A few hundred Catholics from all over the Diocese of Brooklyn marched through Carroll Gardens Sunday, Oct. 3, expressing their devotion to the patron saint of immigrants, Mother Frances Xavier Cabrini. She began her U.S. ministry in that neighborhood more than 130 years ago.
Mask wearing will be required by all students, faculty, and staff members in the 69 Catholic academies and parish schools across the Diocese of Brooklyn come September 8, the first day of school.
In the latest in a sudden rash of vandalism attacks at churches in the Diocese of Brooklyn, black spray-painted graffiti was found on the exterior of Immaculate Conception Church on June 8.
The 2021 Catholic Education’s Year of Renewal Summit will be open to the public and take place virtually on April 21. The event will celebrate local school students, teachers, staff, and parish communities who have made Catholic education possible throughout the coronavirus pandemic.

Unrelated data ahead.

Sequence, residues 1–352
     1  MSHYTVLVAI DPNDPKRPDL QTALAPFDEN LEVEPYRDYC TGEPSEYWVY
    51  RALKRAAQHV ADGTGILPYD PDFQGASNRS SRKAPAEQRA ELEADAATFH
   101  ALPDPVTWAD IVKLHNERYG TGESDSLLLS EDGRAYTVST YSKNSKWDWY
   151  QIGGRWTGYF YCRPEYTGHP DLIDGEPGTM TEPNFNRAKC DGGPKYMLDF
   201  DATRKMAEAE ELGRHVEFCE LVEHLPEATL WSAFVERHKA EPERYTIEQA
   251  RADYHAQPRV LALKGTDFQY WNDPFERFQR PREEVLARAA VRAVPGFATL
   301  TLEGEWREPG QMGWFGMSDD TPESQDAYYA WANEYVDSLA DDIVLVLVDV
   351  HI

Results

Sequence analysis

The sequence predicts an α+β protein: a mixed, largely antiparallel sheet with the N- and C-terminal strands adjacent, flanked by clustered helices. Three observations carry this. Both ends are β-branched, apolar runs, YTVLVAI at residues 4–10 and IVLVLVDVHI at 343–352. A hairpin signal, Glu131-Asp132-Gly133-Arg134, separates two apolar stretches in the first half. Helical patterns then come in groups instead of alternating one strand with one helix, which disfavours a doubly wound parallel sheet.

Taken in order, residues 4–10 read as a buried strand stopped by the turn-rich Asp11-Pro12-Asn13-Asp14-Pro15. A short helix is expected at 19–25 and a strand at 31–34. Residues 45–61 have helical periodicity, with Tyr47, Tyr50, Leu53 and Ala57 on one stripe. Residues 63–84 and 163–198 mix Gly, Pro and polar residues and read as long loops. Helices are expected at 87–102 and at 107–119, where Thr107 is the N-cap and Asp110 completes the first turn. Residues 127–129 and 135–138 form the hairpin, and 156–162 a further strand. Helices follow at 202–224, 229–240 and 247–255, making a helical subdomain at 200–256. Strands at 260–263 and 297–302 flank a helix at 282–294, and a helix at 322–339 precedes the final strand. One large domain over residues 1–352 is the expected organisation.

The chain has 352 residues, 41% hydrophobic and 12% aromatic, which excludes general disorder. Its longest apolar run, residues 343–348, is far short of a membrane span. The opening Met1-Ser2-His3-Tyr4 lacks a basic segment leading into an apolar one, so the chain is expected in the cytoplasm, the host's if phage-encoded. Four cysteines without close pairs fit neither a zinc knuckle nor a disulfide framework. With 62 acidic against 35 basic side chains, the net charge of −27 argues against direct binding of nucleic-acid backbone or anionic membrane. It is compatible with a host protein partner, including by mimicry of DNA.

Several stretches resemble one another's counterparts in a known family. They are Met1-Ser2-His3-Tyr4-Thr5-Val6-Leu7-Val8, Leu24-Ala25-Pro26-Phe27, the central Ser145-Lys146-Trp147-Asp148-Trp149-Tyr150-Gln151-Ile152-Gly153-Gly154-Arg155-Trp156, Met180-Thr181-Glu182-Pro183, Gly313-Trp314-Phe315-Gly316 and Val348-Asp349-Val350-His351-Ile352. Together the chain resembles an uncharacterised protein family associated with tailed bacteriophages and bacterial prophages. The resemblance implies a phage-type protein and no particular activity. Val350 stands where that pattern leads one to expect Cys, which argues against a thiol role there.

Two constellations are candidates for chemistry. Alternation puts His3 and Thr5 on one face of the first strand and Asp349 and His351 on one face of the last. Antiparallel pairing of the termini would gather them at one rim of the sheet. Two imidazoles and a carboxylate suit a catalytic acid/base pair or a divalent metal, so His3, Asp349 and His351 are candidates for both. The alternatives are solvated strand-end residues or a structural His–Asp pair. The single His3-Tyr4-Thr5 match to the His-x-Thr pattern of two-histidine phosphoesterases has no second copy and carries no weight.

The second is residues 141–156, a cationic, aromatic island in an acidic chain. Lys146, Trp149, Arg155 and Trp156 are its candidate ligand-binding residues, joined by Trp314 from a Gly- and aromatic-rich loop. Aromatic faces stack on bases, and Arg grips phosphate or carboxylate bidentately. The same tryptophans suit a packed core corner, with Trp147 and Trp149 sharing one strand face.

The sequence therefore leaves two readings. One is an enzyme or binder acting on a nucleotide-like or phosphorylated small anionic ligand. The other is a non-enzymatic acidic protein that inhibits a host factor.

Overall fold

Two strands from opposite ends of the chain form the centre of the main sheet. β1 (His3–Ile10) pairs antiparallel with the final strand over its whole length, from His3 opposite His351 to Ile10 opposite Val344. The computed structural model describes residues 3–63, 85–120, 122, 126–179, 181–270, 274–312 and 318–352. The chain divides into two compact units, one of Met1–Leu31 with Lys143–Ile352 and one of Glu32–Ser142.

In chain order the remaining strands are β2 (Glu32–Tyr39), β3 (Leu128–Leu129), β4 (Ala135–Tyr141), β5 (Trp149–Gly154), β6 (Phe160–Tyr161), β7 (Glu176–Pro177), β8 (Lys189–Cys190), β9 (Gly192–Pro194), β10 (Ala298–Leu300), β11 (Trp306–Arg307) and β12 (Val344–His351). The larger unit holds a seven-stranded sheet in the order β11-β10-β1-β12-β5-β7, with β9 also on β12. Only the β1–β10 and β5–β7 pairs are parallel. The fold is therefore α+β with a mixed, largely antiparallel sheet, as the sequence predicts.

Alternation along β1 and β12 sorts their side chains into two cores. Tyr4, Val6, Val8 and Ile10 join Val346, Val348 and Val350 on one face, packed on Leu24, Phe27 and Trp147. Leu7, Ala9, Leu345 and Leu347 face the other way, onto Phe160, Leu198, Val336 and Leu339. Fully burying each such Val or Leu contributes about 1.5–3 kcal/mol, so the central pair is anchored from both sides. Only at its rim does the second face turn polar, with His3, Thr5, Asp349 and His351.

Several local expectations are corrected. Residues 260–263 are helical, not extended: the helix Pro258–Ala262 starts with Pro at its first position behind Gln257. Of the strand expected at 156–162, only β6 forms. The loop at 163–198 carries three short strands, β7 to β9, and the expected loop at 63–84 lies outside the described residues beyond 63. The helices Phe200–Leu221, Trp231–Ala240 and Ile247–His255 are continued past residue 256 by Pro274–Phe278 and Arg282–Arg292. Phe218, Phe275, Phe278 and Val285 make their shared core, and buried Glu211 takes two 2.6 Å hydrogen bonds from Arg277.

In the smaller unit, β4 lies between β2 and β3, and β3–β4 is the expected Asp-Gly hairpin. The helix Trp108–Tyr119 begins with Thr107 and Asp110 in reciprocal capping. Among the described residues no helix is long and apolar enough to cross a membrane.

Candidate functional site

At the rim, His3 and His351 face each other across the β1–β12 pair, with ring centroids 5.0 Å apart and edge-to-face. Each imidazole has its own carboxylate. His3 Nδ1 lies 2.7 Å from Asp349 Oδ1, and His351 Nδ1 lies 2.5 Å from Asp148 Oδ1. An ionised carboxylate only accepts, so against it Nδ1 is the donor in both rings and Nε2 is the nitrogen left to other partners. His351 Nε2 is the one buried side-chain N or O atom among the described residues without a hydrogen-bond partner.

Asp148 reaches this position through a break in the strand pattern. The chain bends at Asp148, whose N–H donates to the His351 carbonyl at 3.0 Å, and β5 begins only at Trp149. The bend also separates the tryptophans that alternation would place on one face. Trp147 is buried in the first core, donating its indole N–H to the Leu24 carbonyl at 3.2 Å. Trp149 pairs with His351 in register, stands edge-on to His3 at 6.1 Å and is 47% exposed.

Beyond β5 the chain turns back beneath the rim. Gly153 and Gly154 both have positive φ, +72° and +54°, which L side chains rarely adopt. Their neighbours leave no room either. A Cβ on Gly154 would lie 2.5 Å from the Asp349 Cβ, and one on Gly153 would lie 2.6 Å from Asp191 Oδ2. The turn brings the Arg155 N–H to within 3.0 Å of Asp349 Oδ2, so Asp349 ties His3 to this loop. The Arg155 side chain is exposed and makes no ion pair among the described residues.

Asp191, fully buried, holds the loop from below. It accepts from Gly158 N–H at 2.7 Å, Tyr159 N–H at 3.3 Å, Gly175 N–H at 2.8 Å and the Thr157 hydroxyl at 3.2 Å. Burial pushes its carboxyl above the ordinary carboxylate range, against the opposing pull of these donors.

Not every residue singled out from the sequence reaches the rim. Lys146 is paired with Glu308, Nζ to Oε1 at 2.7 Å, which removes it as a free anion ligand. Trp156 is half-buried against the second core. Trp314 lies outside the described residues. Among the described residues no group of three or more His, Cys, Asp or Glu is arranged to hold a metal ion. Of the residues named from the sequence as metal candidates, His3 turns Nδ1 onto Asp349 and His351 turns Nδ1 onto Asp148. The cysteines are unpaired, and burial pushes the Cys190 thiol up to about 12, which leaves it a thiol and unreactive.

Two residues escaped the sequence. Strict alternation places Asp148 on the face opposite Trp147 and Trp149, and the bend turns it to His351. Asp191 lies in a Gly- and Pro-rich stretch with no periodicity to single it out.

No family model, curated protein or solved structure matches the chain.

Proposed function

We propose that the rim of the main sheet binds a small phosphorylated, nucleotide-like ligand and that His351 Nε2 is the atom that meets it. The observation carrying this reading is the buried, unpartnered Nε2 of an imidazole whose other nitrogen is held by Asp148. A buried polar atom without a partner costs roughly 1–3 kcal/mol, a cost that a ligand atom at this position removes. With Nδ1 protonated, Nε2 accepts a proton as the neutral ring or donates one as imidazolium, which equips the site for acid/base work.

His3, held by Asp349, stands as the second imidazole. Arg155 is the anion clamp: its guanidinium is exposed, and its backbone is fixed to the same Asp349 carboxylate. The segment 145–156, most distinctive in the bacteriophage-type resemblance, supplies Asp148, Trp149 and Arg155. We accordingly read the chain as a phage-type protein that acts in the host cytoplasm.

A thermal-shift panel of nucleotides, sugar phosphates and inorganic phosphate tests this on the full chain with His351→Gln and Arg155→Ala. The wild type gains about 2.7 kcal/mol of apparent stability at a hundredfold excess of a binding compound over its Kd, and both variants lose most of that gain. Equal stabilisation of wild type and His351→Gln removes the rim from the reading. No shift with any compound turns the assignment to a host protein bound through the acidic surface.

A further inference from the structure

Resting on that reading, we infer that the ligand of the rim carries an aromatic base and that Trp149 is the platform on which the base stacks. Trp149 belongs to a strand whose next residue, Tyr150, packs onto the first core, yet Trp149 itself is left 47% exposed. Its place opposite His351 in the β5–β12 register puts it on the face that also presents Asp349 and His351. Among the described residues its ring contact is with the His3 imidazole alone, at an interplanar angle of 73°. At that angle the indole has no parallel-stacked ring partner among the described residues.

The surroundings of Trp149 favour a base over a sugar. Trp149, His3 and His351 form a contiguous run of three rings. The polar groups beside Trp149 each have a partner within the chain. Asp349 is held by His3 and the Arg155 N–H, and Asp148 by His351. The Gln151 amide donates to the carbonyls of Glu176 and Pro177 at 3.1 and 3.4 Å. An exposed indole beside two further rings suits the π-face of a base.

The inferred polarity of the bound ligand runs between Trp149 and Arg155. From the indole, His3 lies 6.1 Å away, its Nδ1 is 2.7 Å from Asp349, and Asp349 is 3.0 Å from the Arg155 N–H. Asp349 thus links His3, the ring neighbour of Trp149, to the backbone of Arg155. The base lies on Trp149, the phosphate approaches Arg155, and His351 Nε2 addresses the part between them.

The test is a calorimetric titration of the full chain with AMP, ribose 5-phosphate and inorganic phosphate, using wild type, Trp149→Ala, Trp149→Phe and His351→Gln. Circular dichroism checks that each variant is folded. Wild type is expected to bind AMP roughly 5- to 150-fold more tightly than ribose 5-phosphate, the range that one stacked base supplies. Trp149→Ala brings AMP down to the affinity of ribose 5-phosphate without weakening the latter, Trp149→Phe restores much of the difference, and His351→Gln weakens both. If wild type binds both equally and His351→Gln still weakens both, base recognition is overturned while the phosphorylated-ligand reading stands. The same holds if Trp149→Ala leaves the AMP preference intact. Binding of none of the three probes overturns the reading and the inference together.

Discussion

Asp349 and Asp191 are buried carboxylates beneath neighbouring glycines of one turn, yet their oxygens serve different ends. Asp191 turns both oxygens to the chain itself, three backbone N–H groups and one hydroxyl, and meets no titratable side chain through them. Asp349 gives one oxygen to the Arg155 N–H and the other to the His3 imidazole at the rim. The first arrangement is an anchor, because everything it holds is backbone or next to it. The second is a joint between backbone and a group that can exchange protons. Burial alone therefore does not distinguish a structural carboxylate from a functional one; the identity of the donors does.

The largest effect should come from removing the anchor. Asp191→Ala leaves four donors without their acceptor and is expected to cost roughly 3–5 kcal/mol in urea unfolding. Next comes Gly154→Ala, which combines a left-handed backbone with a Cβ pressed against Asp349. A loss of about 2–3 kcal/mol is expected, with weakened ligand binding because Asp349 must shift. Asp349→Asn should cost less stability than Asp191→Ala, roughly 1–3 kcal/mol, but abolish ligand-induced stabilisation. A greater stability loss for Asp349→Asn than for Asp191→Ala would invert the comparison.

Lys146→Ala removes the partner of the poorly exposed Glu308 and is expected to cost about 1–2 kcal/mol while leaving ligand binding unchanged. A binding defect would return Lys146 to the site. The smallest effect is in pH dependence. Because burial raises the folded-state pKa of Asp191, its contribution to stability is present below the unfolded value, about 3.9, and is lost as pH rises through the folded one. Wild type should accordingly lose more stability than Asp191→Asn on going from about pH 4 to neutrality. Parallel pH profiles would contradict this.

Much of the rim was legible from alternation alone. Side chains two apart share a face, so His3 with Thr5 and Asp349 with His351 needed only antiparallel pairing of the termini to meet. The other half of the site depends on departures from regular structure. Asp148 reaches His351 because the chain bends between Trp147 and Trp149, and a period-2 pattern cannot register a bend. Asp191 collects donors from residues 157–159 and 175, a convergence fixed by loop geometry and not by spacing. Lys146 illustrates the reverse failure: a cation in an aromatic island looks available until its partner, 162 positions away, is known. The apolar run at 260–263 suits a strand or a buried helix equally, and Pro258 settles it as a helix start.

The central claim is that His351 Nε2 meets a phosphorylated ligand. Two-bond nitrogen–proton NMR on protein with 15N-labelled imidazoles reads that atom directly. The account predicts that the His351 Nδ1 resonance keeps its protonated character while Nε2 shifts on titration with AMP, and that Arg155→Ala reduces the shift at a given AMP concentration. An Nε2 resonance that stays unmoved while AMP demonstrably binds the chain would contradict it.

Father Carlo Graziano, an extern priest from Italy who served at St. Athanasius for more than two decades, died of complications of COVID-19 at Maimonides Medical Center on Jan. 18, parish officials confirmed.
“Come and see.” That was the message from the Diocese of Brooklyn’s Vicar for Catholic Schools after Gov. Cuomo’s Oct. 5 announcement that all schools within nine hot spots will close and pivot to remote learning.
School leaders and education advocates in the Diocese of Brooklyn are going the extra mile to accommodate former public school parents seeking to enroll their children in Catholic schools.
The opening of schools in the Diocese of Brooklyn went smoothly, according to Msgr. David Cassato, vicar for Catholic Schools.
Members of Bishop Kearney’s Class of 2020 reunited at St. Athanasius-St. Dominic Church for a special Mass on August 16. The students — who weren’t able to graduate from the all-girls Catholic high school due to its closure in August 2019 — completed their first three years at Bishop Kearney and transferred to other local high schools this past year to complete their senior year.
In a sign of solidarity with the Jewish community of New York, local religious leaders — including some from the Diocese of Brooklyn — have issued a statement condemning the spate of anti-Semitic attacks that hit the New York City area late last year during Hanukkah.